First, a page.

The protesters marched from City Hall to the nearby State of Illinois building–where the governor’s Chicago office is located–with signed holiday cards and lumps of coal or candy canes for local politicians, depending on how they’d supported city students and neighborhood schools.
The school board closed 47 public schools over the summer and announced that two additional schools would be phased out by the end of the school year. More than 88% of the students affected by the Chicago closures were African-American and the vast majority of the closed schools were in black and poor communities. Mass closings in other cities like Philadelphia have disrupted the lives of thousands of black and Latino students.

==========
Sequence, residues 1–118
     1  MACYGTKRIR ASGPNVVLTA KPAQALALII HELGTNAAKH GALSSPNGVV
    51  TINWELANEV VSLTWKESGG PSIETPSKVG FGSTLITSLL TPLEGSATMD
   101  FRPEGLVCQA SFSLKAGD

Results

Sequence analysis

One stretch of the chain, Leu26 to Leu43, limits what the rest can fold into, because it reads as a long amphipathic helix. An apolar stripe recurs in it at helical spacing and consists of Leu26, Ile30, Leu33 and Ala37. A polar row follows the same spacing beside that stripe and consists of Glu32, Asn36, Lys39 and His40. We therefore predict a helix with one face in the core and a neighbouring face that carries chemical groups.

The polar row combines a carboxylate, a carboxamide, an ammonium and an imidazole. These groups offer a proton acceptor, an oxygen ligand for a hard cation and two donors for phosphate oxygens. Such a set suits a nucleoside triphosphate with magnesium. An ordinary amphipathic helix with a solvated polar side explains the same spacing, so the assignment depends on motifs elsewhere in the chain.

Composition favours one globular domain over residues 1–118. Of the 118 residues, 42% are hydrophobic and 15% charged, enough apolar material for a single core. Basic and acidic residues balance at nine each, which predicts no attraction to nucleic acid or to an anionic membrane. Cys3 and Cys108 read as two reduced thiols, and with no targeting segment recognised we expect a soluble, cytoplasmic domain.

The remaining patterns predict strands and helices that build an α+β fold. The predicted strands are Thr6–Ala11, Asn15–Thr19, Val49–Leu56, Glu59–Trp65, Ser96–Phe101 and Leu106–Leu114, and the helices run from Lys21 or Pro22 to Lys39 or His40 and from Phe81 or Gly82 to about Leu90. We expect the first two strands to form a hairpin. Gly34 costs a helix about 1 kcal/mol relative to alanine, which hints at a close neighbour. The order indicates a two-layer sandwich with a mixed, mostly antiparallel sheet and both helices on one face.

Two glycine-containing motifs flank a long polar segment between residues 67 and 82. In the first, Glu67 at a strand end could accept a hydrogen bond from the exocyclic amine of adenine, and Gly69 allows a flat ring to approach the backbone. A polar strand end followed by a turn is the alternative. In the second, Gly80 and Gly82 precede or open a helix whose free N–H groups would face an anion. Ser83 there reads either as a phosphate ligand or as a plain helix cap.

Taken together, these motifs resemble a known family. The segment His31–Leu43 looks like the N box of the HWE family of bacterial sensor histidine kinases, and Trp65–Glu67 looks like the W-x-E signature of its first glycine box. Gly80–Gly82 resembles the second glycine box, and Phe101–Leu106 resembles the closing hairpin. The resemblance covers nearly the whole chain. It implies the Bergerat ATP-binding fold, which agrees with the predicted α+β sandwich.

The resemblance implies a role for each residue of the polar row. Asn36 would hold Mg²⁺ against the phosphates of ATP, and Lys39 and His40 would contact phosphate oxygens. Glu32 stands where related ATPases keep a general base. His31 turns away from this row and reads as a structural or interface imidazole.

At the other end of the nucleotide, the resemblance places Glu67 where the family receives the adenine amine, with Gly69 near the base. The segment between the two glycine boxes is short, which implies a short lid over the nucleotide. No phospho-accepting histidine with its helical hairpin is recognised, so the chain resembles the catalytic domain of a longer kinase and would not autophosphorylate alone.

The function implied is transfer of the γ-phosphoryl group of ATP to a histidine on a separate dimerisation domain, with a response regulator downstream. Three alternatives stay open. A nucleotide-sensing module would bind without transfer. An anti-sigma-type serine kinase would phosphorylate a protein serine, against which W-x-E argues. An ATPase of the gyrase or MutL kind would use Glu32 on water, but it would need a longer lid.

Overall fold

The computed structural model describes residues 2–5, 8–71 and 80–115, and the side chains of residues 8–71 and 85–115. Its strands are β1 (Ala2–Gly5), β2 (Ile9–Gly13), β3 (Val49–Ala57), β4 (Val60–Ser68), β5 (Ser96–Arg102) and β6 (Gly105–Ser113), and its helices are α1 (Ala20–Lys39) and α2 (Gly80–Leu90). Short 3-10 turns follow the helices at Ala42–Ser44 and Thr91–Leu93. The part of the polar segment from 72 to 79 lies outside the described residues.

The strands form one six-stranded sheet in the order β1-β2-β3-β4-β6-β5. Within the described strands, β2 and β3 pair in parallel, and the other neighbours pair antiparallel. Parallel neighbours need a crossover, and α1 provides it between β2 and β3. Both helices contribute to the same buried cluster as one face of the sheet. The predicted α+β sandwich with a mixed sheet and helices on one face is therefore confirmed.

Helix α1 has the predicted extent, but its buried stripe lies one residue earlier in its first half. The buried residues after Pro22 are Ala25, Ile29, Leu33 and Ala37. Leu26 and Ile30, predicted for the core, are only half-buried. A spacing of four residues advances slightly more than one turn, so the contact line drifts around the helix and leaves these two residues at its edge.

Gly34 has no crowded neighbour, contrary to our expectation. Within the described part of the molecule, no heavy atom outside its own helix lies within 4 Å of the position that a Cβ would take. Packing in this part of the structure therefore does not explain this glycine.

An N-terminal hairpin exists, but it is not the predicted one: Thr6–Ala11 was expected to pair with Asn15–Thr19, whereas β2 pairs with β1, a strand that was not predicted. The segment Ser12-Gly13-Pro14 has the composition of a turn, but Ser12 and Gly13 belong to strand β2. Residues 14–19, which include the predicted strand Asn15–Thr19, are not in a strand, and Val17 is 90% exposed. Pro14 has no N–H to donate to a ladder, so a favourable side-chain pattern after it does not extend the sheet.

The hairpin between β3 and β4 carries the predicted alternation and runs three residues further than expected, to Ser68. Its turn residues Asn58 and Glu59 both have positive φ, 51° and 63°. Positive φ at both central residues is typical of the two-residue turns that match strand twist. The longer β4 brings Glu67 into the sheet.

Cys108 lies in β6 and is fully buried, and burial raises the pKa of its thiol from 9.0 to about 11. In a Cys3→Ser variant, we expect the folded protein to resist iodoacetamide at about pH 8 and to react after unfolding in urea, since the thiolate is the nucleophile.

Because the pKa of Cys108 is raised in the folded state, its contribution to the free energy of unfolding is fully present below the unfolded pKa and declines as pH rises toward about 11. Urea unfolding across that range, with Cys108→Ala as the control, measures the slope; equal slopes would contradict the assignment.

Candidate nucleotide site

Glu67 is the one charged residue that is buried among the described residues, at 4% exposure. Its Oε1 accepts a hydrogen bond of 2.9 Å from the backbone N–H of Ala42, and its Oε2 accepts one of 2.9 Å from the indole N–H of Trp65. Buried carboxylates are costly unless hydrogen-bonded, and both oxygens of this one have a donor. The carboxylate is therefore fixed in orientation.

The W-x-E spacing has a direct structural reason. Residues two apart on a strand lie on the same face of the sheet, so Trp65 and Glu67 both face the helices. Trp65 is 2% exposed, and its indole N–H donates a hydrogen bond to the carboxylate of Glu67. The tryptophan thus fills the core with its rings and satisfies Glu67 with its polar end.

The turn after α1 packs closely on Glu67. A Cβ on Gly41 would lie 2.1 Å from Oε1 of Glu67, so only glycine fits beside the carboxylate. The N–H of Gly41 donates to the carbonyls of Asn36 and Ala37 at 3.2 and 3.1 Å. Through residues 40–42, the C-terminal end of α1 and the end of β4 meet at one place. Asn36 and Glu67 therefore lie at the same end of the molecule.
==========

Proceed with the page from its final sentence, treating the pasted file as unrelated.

“We want to continue our fight for our schools,” said April Coleman, a teacher at Lane Tech College Preparatory High School. “Just because the strike is over doesn’t mean we were able to get everything that we need for our children,” she said, referring to last year’s teachers strike. “We don’t want the city to forget about us.”